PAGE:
Previous studies suggest elevated rates of schizophrenia in certain immigrant groups (18). The reduced rate among the Hutterites is unlikely to be due to disproportionate emigration of individuals with schizophrenia from the colonies. These individuals should have been ascertained in the comparison group. However, the prevalence in the comparison group was not elevated and was the lowest among the three groups. Others have noted that permanent defection from the colonies is uncommon (12). Hutterites who leave colonies usually remain in the province. Given the support structure provided by the Hutterite life style, a Hutterite with a psychiatric disorder is likely to remain in the colony.

Manitoba psychiatrists may have misdiagnosed psychoses as neuroses among the Hutterites, who are identifiable by their distinctive garments and their residential addresses. However, low rates were also found in the comparison group, who do not wear distinctive clothes and do not live in colonies. The hypothesis that diagnostic bias contributed to the lower rates of psychoses is therefore untenable.

The diagnostic system used in the database search (ICD-9) has been superseded. Fortunately, clinical records from the previous Hutterite survey were available (13). Although the survey was conducted more than four decades ago, it attempted complete ascertainment. Rediagnosis of cases identified in this survey using current diagnostic criteria (DSM-IV) would thus provide another reliable population estimate. We found that the prevalence figures for schizophrenia on the basis of rediagnosis are in agreement with the estimates from the Manitoba Health database.

Other methodological issues deserve comment. The important questions of gender differences and age at onset are unresolved for the database survey (1992/1993–1996/1997). This information was not released by Manitoba Health because of concerns about confidentiality. However, the gender distribution and the ages at onset of illness for the individuals with schizophrenia in the 1950–1953 survey are consistent with those in other populations (19). The database survey also focused on one of three subgroups of Hutterites (the Schmiedeleut in Manitoba). It is not known if our findings extend to the other two subgroups. The annual prevalence estimates among the Hutterites varied, especially the estimates for uncommon disorders. However, no systematic trends in the annual estimates were noted. Despite the variability, consistent differences between the general population and the Hutterites or the comparison group were noted.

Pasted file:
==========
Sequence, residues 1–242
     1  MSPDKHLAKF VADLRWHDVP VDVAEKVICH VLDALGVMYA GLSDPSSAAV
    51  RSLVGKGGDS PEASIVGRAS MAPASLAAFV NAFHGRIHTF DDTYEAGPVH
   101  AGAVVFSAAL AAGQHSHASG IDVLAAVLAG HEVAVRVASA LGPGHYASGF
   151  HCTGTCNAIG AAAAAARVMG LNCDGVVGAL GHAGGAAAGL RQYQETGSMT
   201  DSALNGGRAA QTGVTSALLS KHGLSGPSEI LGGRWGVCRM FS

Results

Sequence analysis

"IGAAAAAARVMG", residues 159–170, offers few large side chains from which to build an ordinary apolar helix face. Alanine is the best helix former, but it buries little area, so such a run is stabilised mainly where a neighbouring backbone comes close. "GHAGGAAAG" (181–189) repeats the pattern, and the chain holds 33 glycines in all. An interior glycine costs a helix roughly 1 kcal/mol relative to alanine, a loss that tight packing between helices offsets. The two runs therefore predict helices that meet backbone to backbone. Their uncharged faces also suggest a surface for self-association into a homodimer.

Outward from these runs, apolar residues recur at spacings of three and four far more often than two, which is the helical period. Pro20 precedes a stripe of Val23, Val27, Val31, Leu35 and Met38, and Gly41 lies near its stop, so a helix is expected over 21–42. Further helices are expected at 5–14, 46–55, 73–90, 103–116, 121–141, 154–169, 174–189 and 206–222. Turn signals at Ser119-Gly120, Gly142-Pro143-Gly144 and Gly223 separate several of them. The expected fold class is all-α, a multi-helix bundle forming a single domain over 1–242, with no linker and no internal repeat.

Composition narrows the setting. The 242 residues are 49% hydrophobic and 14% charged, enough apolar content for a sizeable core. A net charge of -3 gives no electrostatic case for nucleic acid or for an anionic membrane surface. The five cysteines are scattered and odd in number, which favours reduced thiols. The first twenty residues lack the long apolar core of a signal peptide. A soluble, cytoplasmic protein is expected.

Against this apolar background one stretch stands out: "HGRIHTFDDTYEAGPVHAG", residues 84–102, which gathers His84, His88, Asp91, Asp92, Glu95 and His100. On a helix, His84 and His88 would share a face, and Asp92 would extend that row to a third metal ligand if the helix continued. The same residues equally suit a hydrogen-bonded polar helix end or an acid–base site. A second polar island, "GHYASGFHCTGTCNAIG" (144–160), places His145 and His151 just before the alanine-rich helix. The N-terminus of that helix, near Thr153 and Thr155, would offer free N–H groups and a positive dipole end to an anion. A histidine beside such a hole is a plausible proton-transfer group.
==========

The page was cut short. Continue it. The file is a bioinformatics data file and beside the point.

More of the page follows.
A previous study did not find differences in the prevalence of affective disorders among the Hutterites, compared with the Canadian population (20). The reliability of the previous study is unclear because it was based on hospital admission rates. Moreover, that study classified the Hutterites with the Mennonites, a distinct group with a different life style and genetic background.

Thus, the differences between the Hutterites and non-Hutterites are most likely not spurious. A number of causes for the differences merit consideration. Could environmental or cultural factors be at work? Prior studies have highlighted the familial and community support available for Hutterites (21). Such extensive support may play a protective role. Alternatively, stressful life events, known to precipitate schizophrenia, may be less common among the Hutterites. In support of this interpretation, the prevalence of adjustment reactions was lower among the Hutterites than in the Manitoba population (t2).

Genetic factors may play an important role in the reduced prevalence of psychoses among the Hutterites. Reduced prevalence was also noted in the comparison group who may share ancestry with the Hutterites. A low frequency of psychosis-predisposing alleles must be suspected. Fewer susceptibility alleles may have been introduced by chance into the Hutterite population by the relatively small number of founders. In addition, dominant susceptibility alleles would be easily lost from the population if there was reduced fertility, as has been shown for schizophrenia. Alternatively, there may be a relative increase in protective alleles segregating in this highly inbred population. Finally, gene-environment interactions are plausible.